Free checking accounts

As for fees, nearly 70 percent of online accounts offer free checking, compared with just 25 percent of traditional accounts, the fee survey found. Finally, banking online also solves the problems of inconvenient locations or hours.

While online banks may ultimately be an important part of the solution for unbanked and underbanked households, there is still a difficult stumbling block: internet access.

Like use of the banking system, access to the internet varies greatly by income. According to the Pew Research Center, 93 percent of U.S. adults earning $75,000 or more per year have broadband at home, but this number drops to 53 percent for people earning less than $30,000 a year. Home internet access is crucial because banking experts often advise against accessing online bank accounts on public servers.

While this gap has narrowed over time, increasing access to secure internet may be a key to addressing the problem of unbanked and underbanked households.

How to open a new bank account and get the most for your money

While internet access remains a stumbling block, it is not a problem for all low-income households, and online banking is not the only solution for such households. For unbanked or underbanked people looking to enter the formal banking system, here are some tips for getting the most out of that system:

1. Check the minimum account size

The MoneyRates.com checking account fee survey found you can start an account at some banks with as little as $1, while others require as much as $5,000. So, the account minimum should be the first thing you look at when shopping for a bank.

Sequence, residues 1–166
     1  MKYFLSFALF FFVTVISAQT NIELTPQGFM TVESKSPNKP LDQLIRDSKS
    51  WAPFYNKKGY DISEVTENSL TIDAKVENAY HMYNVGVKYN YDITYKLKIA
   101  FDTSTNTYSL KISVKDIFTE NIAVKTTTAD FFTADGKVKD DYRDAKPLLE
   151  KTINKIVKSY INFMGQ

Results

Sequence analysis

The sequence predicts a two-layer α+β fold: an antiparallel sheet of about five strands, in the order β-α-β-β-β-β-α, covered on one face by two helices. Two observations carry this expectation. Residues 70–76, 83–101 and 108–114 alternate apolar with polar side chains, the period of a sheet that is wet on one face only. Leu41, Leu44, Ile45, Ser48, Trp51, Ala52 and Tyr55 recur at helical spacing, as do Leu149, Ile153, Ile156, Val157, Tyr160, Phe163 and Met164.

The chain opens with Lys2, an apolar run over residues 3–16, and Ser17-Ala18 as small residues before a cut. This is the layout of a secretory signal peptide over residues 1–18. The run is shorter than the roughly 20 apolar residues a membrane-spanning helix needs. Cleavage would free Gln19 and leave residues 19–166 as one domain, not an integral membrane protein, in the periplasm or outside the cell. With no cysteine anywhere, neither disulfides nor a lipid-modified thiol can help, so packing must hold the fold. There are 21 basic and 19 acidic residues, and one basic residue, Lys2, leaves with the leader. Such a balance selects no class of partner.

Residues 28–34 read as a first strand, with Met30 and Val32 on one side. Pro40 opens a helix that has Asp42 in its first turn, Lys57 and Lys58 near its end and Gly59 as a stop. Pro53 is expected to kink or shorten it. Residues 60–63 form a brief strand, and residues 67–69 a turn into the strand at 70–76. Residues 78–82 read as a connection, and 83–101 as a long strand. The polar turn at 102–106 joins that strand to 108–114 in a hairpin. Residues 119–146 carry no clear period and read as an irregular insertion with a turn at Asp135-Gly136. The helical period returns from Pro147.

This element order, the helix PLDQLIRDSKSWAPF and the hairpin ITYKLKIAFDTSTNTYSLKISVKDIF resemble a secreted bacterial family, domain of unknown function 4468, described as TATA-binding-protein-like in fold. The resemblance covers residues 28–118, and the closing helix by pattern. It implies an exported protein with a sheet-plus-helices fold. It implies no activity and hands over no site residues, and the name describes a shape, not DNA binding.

2. Look for free checking accounts

This means choosing an account with no monthly maintenance fee. While online accounts are more likely to be free of these fees, some traditional banks still offer free checking accounts as well.

3. Use an FDIC-insured institution

If you are concerned about trusting a bank, you should know that the government provides insurance in case your bank goes under. FDIC insurance limits will cover up to $250,000 per depositor, per institution – as long as you choose an institution insured by the FDIC, or its credit union equivalent, the NCUA.

4. Check on ATM locations and fee policy

ATMs that are not owned by your bank or part of a network to which your bank belongs often charge heavy fees each time you use them. When choosing a bank, look for one with ATM locations that are convenient for you. As an alternative, look for an online bank with a policy of refunding ATM transactions.

5. Opt out of overdraft protection

It may sound nice to have the bank temporarily cover for you when you overdraft your account, but the fees they charge can be excessive. Do not agree to sign up for overdraft protection.

6. Compare savings account interest rates

When you have built up enough money in checking to cover routine expenses, shift some money to savings accounts to earn higher interest rates. Shop around to find options with the best savings account rates.

It may take some initial effort to come into the banking system from the outside. However, once you make that effort, it should become much easier to manage your finances.

About Author
Richard Barrington has been a Senior Financial Analyst for MoneyRates. He has appeared on Fox Business News and NPR, and has been quoted by the Wall Street Journal, the New York Times, USA Today, CNBC and many other publications. Richard has over 30 years of experience in financial services. He has earned the Chartered Financial Analyst (CFA) designation from the Association of Investment Management and Research (now the “CFA Institute”).